In our new Meet the Maker series, we're shining the light on the many gifted producers behind some of Ireland's best food and drink brands. Today, we chat to Harry Colley from Harry's Nut Butter
Could you tell us a bit about the history of Harry’s Nut Butter?
Well I'm Harry, I'm a chef at the Fumbally Cafe in Dublin 8 where I've been working since 2015. I've been a cook for years and years now but in a strange turn of events, I've started making salty, sweet, spicy nut butter. It's great with cheese and cooked into a soup but my favourite thing to do with it is pile it on toast at 1am and eat it standing up in the kitchen with all the lights off.
It was the house nut butter that I developed while working in the cafe but after I wrapped up an intense and tough project I had been working on, my boss at the cafe convinced me give the nut butter a go. Customers had been going crazy over it, which was so great but I had never considered jarring it before. We launched it at right before Christmas in time to get into the markets and I was slinging it at market stalls until lockdown started. During lockdown though, it gained huge momentum and now it's in shops all over the country, all of a sudden.
Why is using Irish ingredients important to your company?
It would be great to use Irish products as much as possible but we're a peanut butter company. Not many native peanuts to be found. We're a part of the global food system and we get our nuts from Argentina. However in my personal cooking I love to support Irish producers as much as possible. I like to shop from a community of farmers and makers that have supported me over the years like McNally's Family Farm, Elmhust Farm, Gubbeen Cheese & Smokehouse. I like buying from Irish coffee roasters like Calendar Coffee and Bailies. They're obviously not home grown beans but they're sourced with care and roasted beautifully. There's so much amazing talent in the country that can be nurtured without buying Irish grown as well, y'know. Buy Irish grown also, if you want to, but there's loads of other ways to shop Irish too.
What is the biggest challenge that you face as a food producer in Ireland?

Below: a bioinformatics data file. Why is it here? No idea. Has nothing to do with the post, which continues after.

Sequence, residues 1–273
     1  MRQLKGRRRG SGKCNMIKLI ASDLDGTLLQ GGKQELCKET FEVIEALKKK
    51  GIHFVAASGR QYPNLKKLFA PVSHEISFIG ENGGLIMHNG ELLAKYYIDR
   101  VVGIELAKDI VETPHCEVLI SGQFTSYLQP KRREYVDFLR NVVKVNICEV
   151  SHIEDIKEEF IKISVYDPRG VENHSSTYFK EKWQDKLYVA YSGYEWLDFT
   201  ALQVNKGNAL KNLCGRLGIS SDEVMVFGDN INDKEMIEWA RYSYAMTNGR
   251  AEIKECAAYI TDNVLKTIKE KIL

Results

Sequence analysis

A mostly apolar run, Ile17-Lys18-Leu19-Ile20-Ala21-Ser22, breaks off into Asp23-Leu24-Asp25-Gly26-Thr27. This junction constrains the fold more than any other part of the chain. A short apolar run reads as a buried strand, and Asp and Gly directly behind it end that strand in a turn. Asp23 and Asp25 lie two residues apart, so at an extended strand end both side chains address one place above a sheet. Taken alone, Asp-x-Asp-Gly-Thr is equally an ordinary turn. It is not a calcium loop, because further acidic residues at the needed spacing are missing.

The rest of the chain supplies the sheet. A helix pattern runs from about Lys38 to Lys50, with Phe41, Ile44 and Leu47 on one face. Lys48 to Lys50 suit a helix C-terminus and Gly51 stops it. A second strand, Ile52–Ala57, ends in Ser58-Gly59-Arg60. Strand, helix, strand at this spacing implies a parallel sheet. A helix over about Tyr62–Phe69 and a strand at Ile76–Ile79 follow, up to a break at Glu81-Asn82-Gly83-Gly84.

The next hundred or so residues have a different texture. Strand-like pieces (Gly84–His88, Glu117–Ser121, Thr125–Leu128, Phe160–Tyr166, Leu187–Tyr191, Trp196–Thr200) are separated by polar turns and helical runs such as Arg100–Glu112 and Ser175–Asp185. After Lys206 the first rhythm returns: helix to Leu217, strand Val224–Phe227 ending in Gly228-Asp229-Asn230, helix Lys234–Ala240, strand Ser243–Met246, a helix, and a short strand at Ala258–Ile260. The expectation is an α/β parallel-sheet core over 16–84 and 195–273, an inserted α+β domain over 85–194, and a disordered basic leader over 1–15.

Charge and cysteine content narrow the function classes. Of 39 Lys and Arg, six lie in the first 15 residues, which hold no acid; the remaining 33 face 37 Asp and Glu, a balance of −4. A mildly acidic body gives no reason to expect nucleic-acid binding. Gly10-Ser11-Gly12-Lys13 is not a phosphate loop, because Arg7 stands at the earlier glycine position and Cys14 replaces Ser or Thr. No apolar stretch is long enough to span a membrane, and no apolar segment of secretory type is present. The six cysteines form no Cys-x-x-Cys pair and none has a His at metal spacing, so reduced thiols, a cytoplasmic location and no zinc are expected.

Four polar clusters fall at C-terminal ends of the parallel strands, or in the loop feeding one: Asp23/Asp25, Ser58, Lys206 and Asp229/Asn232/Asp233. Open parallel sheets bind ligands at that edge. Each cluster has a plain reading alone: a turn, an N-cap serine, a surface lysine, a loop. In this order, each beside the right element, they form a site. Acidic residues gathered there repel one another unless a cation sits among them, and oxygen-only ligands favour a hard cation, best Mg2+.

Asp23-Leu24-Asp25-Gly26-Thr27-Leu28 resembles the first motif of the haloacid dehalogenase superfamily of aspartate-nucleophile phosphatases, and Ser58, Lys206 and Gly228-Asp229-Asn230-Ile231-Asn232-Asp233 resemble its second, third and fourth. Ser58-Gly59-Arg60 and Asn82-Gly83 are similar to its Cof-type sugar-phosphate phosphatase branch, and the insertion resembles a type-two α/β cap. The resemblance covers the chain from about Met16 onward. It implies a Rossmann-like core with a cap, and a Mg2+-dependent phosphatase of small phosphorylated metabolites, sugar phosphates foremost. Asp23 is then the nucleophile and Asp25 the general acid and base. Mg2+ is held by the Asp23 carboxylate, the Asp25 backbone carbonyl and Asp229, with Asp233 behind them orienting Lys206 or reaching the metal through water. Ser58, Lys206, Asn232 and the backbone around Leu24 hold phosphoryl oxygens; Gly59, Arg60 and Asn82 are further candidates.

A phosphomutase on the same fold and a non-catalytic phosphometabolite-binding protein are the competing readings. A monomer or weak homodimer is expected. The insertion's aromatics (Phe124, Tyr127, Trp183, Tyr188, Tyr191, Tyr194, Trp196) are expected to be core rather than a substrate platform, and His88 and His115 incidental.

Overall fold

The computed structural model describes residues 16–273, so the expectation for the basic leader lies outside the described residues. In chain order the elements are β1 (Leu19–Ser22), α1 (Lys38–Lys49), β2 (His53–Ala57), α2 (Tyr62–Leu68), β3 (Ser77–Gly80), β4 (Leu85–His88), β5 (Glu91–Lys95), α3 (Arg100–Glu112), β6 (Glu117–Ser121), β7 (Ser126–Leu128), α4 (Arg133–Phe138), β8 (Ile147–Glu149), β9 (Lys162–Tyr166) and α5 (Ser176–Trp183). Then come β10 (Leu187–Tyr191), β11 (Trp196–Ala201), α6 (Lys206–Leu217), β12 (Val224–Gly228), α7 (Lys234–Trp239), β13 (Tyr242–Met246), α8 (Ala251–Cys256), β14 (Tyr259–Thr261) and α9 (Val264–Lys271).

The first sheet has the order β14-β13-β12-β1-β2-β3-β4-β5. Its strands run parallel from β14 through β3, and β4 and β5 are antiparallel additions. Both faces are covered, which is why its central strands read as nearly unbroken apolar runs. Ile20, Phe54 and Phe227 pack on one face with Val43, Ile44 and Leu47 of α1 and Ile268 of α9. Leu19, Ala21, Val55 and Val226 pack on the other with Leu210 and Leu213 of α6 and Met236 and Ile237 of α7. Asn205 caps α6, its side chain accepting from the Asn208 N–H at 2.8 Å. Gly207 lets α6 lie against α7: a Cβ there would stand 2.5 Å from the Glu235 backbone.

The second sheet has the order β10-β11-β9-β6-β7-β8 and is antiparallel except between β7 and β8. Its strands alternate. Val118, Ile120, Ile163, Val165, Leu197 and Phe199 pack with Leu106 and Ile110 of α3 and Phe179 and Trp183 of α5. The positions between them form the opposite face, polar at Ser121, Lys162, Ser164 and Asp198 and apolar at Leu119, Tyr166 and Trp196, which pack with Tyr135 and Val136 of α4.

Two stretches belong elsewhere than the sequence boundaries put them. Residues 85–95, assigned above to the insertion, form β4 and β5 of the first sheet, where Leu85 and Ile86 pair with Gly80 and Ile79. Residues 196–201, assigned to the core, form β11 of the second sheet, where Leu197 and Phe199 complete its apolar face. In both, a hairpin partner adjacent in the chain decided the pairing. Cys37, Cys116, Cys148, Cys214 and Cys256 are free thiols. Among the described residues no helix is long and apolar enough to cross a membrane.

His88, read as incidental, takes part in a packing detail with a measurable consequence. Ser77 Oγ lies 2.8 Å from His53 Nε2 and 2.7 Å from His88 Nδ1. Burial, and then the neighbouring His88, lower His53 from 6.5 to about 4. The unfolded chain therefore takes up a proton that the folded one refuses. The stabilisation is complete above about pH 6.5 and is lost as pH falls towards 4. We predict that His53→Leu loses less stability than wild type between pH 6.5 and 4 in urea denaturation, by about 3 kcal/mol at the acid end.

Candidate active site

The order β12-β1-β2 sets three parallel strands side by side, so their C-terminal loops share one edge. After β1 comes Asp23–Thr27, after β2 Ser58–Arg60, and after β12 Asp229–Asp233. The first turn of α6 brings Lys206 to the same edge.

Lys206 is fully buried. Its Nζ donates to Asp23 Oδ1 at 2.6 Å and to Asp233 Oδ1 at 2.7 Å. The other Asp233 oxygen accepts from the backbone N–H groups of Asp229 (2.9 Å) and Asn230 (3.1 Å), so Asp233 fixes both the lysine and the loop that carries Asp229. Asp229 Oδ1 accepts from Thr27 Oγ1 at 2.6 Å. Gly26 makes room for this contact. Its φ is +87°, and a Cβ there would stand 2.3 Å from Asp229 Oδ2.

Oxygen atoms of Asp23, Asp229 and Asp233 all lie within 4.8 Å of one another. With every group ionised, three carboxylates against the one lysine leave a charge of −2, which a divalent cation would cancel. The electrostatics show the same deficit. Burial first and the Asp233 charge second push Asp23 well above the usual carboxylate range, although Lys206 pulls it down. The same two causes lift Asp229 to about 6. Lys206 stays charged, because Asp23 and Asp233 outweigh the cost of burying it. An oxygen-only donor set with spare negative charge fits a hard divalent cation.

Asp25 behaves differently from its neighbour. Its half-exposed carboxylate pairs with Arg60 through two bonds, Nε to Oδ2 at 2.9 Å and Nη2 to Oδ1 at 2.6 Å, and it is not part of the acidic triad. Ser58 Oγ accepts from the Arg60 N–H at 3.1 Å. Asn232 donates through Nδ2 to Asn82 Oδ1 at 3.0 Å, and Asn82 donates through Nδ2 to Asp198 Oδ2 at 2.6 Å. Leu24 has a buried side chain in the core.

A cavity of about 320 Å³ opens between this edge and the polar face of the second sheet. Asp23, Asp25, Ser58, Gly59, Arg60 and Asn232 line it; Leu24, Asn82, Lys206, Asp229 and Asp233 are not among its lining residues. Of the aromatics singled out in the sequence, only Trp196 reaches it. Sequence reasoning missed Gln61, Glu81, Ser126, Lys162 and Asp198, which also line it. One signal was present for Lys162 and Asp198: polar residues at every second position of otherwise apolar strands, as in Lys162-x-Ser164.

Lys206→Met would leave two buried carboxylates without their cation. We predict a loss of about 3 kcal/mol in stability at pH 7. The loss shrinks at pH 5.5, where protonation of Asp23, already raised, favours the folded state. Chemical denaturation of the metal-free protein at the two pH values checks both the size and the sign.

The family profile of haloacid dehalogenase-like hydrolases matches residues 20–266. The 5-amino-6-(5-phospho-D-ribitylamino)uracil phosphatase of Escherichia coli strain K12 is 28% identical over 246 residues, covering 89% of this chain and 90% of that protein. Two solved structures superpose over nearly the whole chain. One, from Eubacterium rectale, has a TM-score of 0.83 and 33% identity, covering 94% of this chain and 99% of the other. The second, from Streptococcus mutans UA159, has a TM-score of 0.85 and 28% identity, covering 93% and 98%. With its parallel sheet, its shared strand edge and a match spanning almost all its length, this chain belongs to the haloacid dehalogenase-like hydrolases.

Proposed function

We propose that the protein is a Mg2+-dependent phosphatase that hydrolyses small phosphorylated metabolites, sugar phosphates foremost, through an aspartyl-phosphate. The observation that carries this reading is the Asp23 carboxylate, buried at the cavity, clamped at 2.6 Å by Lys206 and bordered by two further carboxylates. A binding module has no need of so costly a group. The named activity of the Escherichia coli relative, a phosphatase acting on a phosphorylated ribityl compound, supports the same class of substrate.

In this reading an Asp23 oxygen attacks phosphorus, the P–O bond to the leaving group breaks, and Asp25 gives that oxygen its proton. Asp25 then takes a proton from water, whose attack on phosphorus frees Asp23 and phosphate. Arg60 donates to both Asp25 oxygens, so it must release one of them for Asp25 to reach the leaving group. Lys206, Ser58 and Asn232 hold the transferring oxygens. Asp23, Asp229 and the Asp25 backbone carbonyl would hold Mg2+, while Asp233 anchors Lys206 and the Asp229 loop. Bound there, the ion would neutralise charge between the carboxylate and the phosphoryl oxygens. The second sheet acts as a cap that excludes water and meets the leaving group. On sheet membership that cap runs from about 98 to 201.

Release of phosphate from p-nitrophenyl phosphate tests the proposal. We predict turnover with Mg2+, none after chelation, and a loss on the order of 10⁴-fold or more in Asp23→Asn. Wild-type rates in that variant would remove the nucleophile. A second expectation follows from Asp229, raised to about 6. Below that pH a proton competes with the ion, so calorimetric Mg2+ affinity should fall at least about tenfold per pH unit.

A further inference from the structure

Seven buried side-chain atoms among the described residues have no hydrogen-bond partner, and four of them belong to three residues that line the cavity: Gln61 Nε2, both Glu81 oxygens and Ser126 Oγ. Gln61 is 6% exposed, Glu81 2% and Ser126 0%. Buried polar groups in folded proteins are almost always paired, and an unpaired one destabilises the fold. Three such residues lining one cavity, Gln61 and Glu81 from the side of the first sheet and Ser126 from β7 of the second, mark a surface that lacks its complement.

Honestly it's all been so great so far ask me this time next year and I'll probably be better equipped to answer you.
What new trends do you see that are emerging in your industry?
I'm literally so brand new to this industry I haven't an actual clue I'm just making it up as I go along.
Are there any major changes you would like to see in your industry?
The governing forces I work with ensure the food produced is done safely and correctly and that what is on the label is true and I think all of that is extremely valuable. I really like all the stockists I work with who are fantastic at helping me establish my business too. I haven't really come up against any great limitations yet but I'm also a newbie so maybe I'll figure out the answer to this question further down the line.
What has running your own business taught you?
To answer phone calls from numbers I don't recognise.
Who are some other Irish foodie brands you draw inspiration from?
White Mausu - Katie and Jasper are the pair behind it and they're eternally inspiring. We've all had similar routes in food between working in fancy restaurants, pop up restaurants, cafes and we all have similar tastes in food but they're the company that made room for a product like mine. They started out with Peanut Rayu, then Cashew Crunch and Black Bean Rayu and a few others but they grafted to make all those connections with independent retailers all over the country that know about Harry's Nut Butter probably because of them. They're the best
What’s next for the company?
More flavours, more products, more fun. Gonna do a super spicy one, a sweet one too and keep messing around making delicious condiments to embellish people's home cooking y'know.
To find out more about Harry's Nut Butter or to buy click here!